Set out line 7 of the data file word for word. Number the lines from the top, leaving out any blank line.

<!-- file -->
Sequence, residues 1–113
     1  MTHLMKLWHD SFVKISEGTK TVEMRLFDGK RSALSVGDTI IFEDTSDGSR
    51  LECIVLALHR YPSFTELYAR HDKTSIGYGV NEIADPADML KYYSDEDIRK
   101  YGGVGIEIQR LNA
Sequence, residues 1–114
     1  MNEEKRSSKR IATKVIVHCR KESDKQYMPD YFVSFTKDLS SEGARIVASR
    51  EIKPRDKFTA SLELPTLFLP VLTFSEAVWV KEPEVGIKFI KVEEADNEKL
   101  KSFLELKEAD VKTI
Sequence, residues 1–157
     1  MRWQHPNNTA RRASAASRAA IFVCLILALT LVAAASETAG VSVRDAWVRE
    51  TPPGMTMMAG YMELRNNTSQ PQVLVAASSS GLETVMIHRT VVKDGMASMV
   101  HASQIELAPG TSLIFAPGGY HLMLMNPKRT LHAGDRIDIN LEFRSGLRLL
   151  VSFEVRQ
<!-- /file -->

    51  EIKPRDKFTA SLELPTLFLP VLTFSEAVWV KEPEVGIKFI KVEEADNEKL